The latest news in the scientific evidence war comes from the EPA, which may require private “raw” medical data in order for research to affect federal protections. If academic studies do not disclose usually protected information, they cannot impact environmental rules. HIPAA privacy protections require researchers to follow guidelines, and now the EPA is considering guidelines it calls “science transparency.”

It might be obvious now, but connections between pollution and public health had to be established, such as smoking cigarettes and lung cancer. People can get sick or even die when they breathe in foreign toxins.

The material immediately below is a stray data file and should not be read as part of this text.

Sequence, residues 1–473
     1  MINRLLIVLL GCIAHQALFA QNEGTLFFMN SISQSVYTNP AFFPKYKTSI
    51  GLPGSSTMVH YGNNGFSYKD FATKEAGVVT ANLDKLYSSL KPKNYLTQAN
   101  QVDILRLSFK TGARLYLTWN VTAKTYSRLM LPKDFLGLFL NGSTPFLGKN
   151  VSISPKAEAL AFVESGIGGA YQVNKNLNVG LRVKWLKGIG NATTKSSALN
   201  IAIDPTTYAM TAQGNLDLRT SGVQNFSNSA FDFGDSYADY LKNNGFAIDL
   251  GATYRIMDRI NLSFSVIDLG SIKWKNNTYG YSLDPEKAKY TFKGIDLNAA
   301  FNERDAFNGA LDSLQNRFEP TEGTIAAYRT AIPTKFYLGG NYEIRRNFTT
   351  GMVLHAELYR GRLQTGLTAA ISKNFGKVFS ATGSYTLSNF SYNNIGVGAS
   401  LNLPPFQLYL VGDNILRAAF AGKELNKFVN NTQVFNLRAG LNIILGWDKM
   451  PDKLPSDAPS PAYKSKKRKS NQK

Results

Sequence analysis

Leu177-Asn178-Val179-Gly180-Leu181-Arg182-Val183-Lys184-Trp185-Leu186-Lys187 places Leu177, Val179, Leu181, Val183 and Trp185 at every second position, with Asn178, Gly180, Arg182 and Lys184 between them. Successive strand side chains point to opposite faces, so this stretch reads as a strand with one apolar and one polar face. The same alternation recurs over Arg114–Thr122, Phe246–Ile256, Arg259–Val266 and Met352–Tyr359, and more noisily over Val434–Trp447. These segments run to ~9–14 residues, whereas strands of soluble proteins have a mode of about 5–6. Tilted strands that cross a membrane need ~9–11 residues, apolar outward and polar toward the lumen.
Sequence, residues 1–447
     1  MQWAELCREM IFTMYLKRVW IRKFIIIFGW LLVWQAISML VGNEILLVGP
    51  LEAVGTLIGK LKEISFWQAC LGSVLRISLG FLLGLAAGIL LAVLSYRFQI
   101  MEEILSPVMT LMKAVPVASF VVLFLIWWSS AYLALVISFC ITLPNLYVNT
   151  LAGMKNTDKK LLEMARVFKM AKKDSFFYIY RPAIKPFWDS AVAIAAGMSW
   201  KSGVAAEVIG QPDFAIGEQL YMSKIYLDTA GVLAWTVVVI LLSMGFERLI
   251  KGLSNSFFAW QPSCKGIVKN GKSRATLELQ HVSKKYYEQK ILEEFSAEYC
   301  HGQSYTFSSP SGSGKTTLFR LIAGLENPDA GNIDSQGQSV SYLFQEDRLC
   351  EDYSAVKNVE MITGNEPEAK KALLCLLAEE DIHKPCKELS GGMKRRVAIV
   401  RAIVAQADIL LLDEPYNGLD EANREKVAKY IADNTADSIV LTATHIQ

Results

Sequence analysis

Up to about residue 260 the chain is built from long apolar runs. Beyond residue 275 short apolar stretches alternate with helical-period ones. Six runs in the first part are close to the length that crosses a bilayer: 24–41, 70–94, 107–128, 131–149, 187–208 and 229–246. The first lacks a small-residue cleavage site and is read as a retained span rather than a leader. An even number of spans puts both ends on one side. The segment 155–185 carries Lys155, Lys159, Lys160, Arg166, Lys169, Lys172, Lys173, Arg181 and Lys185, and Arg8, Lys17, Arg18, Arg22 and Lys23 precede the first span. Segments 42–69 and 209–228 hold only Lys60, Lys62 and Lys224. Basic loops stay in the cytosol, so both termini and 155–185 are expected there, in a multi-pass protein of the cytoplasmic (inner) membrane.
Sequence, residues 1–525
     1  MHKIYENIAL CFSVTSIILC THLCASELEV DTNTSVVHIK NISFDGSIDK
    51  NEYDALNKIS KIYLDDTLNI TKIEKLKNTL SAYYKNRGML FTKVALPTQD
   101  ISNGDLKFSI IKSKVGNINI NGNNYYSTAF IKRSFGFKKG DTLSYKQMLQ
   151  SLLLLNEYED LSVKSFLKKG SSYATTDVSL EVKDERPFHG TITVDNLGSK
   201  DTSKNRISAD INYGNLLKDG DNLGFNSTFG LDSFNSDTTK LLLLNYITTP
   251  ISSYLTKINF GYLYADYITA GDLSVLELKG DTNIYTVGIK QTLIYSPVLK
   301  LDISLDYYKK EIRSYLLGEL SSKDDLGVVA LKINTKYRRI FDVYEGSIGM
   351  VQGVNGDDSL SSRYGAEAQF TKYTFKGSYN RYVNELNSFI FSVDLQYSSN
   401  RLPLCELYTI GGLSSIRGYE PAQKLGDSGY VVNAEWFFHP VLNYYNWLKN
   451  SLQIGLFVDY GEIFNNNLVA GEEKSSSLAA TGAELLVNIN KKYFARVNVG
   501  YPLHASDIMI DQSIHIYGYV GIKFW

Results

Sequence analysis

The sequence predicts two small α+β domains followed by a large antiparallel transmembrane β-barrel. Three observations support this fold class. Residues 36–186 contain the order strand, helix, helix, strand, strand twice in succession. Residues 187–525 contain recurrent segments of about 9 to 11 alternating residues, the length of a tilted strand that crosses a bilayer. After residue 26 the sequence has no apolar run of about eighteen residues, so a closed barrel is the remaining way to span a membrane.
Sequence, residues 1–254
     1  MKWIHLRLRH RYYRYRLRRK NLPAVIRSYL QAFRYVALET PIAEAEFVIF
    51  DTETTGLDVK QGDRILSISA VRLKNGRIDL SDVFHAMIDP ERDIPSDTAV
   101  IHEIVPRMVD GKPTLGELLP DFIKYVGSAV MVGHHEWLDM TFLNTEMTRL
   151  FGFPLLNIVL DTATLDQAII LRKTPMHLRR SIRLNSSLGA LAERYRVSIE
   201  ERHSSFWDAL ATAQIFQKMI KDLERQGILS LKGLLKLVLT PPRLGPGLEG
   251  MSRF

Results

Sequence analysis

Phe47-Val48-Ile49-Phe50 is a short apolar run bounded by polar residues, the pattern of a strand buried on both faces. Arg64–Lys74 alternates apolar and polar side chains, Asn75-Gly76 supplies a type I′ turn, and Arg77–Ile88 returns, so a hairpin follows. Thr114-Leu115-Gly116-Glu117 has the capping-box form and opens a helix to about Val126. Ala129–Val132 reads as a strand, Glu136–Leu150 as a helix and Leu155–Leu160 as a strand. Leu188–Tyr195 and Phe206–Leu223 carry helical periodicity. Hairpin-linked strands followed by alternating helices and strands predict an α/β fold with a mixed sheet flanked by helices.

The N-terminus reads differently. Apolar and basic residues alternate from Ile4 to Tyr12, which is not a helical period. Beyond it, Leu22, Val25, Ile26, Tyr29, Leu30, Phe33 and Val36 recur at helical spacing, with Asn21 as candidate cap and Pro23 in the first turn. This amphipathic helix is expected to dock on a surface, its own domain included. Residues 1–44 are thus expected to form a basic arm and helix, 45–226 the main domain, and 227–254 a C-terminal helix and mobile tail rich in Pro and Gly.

Tireless grassroots activists first witness this, academia has to prove this, policy writers have to respect this, and politicians and courts have to enforce this. And activists have to endlessly watch all sides, intervening where they can.

Scientific approaches revealing cause-and-effect relations are central to environmental justice. One example of the type of scientific correlations EPA research transparency guidelines will undermine is Harvard University’s Six Cities study on fine particulate air matter and public health. 22,000 people provided researchers confidential data linking pollution to premature death — leading to clean air protections.

This kind of foundational research could be inadmissible for establishing causality because the data is not considered openly transparent.